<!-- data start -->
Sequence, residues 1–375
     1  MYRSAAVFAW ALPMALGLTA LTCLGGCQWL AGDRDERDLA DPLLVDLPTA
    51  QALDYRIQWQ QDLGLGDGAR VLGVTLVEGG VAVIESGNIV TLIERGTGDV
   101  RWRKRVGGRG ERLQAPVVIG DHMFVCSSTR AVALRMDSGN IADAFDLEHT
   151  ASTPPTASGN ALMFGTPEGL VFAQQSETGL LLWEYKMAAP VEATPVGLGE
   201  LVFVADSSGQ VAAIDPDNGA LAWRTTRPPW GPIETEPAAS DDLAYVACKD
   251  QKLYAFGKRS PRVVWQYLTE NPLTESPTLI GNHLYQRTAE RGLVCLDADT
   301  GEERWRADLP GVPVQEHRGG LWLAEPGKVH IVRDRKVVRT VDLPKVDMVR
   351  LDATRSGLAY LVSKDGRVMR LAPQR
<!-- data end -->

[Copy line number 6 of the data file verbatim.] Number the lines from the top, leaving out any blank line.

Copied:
   201  LVFVADSSGQ VAAIDPDNGA LAWRTTRPPW GPIETEPAAS DDLAYVACKD